Yesterday, my always interesting friend Chris Nelson mentioned a local public works project that struck him as useless. As we chatted, it struck me how often we give very old things more praise than they are due.
Old Doesn’t Mean Important
Think of public works projects and boondoggles. You can probably think of several off the top of your head. The bridge to nowhere in Alaska, the Big Dig in Boston, Auto World in Flint, ugly windmills dotting southern Ohio, and basically every government project ever in the city of Detroit come to mind.
No doubt many of the cherished monuments of the past were big dumb symbols of fatally conceited rulers. Give it a few hundred years, and I wouldn’t be surprised if archaeologists and historians treat the crumbled remains of these hideous resource-wasters as brilliant and important stepping stones for humanity. If you go only by the plaques adorning them and official ceremonies surrounding them, you could conclude nothing else.
Maybe it wouldn’t be as easy to do this now, with so much access to contemporary opinions and information about these dumb projects, but it’s very easy to do with the past.
Watch any documentary about old castles or great tyrant-led serf-funded projects of bygone eras and you might conclude that every cathedral, bridge, wall, and tower was a picture of beauty, ingenuity, and efficiency. What if many of these remains were the ancient or medieval equivalent of the Motor City’s useless People Mover? How much graft and architectural error went into these projects?
What We Missed Out On
Knowing what we know about humans, and especially the nature and incentives of force-funded centralized prestige projects, no doubt many of the cherished monuments of the past were big dumb symbols of fatally conceited rulers. We get to see the remains of buildings, but what we can’t see – and what Frederic Bastiat reminds us we must look for – are all the things that didn’t get built or accomplished because of these massive boondoggles.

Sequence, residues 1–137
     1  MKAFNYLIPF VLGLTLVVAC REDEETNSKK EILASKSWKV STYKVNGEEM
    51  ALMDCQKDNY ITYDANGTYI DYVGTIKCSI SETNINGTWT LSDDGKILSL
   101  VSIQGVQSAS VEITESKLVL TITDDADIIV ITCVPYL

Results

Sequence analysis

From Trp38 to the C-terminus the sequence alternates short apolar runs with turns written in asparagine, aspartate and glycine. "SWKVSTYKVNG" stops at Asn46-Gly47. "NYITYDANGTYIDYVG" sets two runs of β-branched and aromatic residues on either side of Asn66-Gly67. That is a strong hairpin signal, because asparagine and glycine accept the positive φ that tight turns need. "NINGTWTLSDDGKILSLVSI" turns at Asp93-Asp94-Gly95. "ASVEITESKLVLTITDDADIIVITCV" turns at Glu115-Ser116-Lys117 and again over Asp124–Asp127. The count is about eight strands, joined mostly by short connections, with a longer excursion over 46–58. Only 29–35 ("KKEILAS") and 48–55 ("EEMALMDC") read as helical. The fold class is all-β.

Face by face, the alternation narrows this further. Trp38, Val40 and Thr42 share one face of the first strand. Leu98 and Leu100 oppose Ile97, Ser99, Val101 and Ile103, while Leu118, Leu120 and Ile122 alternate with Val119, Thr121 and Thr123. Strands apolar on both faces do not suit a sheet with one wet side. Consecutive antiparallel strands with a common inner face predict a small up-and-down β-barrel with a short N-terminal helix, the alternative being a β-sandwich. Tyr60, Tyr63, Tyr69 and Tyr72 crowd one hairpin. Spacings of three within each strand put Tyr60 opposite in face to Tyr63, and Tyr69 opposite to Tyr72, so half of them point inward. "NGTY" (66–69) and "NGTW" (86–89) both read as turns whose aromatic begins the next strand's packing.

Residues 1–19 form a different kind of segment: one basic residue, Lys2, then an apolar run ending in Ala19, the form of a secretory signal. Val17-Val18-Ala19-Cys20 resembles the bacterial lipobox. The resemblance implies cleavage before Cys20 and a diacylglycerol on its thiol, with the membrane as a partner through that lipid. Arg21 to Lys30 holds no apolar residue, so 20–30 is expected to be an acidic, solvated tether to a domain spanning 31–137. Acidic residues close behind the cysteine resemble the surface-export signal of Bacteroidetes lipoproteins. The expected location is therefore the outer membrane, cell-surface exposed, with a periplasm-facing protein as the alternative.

It’s naive to assume every ruin was a brilliant and valuable construction. All projects are not created equal, all castles are not examples of government waste (many were private endeavors), and perhaps those that survive longest do because they were the most valuable and well-constructed. Still, we’d do well to take a dose of rational choice realism with our romantic forays into past architecture.
Just as it is naive to assume every practice and belief of the past was dumb superstition, it’s naive to assume every ruin was a brilliant and valuable construction. It’d be fun to see (and maybe one exists, I don’t pretend to be a history buff) a project that documents great boondoggles through the ages, tallying budget overages, deadlines missed, waste, graft, obsolescence, and idiocy.
If the Great Men approach to history is dangerously simplistic (and it is), so too is the Great Works approach.
Reprinted from Isaac Morehouse.